Taking on a trail race is a great way to explore a new route. Many will offer spectacular scenery and challenging terrain to challenge you. If you’re in need of a little guidance as you prepare for your first trail race, read on. We’ve got you covered.
Choosing your first trail race
Trail running races come in all shapes and sizes from a 5k up to ultra marathon so they cater for all levels of ability. Some will be lapped courses while others are a point to point. The terrain you can expect will range too from easy, light trails up to more technical, some might be flat and involve following a channel whereas others will have a lot of elevation and require you to navigate using a map.
For your first trail race it’s probably best to keep things simple. Go for something with minimal navigation and less challenging terrain so you can concentrate on running well and enjoying the scenery.
Training for your trail race
train on the trails
It might sound obvious but to prepare for your first trail race, you’ll need to do some beginner’s trail running at least. Don’t just leave it until race day. Do some of your training on off-road routes that are challenging but not too grueling and gradually accustom your body to running off-road. If you live in a city this might mean running on the grassier parts of the park, it still counts and you’ll feel the difference.
run to feel
Running off-road will inevitably be slower because of the undulations and terrain. You also get less energy return from softer surfaces so while you joints might be happier, you speed will slow. Try to ignore the pace on your GPS and learn to ‘run to feel’.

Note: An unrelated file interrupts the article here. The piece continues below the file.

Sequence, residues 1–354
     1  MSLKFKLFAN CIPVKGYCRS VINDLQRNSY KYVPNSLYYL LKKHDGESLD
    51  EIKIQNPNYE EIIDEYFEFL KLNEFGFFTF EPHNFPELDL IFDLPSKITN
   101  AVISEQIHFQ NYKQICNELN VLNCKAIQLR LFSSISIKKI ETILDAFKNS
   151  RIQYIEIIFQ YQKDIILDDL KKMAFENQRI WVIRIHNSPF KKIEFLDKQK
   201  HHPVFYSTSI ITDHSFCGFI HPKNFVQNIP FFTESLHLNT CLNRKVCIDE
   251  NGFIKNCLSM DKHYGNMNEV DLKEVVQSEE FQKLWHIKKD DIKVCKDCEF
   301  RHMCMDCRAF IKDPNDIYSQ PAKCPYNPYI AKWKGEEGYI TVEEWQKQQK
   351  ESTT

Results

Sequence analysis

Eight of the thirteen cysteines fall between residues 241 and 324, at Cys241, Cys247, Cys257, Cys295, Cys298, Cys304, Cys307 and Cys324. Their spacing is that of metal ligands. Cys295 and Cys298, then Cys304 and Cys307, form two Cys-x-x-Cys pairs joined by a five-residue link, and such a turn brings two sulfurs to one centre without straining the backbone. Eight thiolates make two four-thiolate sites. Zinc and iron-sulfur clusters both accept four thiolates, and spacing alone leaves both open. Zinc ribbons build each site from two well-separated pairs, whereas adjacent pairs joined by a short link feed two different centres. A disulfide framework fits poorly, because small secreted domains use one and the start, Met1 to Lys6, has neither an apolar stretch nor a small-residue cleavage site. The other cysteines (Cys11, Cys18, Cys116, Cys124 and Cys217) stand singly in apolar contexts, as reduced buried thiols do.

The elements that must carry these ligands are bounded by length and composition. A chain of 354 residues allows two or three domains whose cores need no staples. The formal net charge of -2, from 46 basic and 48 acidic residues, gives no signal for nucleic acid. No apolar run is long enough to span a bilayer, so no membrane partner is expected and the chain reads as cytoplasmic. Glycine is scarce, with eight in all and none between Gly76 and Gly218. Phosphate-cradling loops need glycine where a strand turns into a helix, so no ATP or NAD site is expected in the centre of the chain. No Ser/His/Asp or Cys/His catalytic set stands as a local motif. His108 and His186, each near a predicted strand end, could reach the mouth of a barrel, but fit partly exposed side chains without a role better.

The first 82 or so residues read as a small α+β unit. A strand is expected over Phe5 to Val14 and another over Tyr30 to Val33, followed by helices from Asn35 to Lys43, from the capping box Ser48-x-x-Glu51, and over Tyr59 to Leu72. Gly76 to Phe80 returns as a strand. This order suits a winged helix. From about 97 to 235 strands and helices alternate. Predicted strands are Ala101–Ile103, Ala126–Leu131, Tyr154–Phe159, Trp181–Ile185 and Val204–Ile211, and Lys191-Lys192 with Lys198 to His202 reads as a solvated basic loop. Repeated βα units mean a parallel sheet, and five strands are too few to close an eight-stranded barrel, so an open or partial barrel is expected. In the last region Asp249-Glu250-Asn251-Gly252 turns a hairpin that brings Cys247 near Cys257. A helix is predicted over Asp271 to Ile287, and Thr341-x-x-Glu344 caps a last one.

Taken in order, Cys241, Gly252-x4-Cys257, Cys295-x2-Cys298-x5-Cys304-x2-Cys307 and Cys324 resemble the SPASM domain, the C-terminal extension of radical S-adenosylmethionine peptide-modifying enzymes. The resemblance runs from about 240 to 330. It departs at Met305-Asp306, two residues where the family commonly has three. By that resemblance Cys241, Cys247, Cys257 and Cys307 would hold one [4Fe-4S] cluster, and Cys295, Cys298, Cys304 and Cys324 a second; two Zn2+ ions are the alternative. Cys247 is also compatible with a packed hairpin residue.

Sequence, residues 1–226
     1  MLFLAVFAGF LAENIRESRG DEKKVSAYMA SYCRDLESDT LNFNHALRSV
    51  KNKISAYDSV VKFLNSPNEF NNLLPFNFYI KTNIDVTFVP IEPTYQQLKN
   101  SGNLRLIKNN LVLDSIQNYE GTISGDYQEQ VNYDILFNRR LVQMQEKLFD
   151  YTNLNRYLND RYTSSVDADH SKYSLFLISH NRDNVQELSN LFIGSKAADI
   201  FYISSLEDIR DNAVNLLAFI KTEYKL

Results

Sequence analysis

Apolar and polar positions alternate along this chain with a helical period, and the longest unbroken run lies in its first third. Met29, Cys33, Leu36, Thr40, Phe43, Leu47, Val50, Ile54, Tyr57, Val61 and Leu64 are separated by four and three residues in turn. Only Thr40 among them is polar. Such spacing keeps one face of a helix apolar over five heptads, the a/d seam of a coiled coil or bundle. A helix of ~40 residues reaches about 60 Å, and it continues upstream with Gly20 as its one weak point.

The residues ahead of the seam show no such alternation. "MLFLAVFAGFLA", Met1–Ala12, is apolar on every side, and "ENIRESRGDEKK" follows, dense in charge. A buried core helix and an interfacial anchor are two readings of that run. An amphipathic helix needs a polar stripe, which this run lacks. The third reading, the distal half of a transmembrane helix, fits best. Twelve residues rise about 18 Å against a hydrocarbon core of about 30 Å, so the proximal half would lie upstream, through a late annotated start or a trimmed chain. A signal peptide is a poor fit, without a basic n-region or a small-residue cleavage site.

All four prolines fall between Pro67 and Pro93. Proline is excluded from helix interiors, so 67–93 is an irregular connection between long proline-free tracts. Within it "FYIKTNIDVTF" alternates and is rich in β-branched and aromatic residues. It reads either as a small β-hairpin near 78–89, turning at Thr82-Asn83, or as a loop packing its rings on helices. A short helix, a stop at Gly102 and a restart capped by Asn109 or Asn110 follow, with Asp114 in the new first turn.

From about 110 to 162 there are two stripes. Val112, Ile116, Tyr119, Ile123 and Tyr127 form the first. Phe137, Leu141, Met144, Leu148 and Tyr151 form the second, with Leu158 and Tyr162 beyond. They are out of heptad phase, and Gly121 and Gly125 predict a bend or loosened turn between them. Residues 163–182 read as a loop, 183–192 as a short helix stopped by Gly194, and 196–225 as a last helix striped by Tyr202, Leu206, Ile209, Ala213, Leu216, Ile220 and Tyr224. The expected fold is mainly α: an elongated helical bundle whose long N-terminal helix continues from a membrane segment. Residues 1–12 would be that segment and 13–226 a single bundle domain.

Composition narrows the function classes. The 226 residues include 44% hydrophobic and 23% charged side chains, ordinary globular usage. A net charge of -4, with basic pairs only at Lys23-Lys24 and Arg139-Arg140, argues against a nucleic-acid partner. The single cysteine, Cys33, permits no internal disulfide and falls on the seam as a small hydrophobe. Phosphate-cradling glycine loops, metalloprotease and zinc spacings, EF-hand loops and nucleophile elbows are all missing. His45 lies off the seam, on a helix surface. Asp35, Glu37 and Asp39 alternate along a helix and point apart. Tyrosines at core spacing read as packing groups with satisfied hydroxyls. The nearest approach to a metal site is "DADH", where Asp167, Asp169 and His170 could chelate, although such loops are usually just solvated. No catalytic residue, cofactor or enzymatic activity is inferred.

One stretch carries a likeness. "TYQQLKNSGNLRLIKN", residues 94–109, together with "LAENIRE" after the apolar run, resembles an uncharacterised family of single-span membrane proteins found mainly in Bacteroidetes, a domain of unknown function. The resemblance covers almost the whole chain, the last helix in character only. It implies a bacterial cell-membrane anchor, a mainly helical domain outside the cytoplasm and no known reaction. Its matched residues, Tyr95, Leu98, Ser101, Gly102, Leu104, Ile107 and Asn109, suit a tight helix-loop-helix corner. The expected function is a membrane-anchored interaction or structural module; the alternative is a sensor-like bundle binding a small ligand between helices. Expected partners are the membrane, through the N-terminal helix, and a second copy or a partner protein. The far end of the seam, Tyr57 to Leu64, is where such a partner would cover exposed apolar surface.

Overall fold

practice running hills
Most trail races will be hilly or undulating, so make friends with hills by including them in your training. Learning to work strongly and consistently uphill but then letting go on the downhill – leaning forwards and landing on the front half of the foot – is a good strategy.
Try these 3 hill training sessions to make you stronger.
Get strong for the trails
Multi-terrain running will often throw you off balance, so it’s vital to have a strong core that will allow you to quickly adjust your center of gravity and stabilize you. To help with this, lower limb strengthening, core work and stabilization exercises are essential so work some good strength training for trail runners into your week. The good news is that this will make you a more durable, less injury-prone runner.
All the gear
Choosing the right running shoes for the trails is essential. Wearing a road running shoe on wet trails means you risk injury. Trail running shoes have bigger lugs that will better grip slippery or muddy surfaces. They also have features like a rock plate and toe guard to protect your feet from stones.
When you’re training off-road, always let someone know where you are going. Take a mobile phone. If you’re tackling unfamiliar countryside routes, plan your route and take a map. Bring a drink and gels, even if you don’t think you’ll need them, as a wrong turn in the countryside could add to your distance.
race day kit
Check with your race organizer if there is a mandatory kit list for the race you’re doing. Some longer trail races will ask you to carry items such as a foil blanket and a mobile phone with you, and may not let you race if you don’t carry them.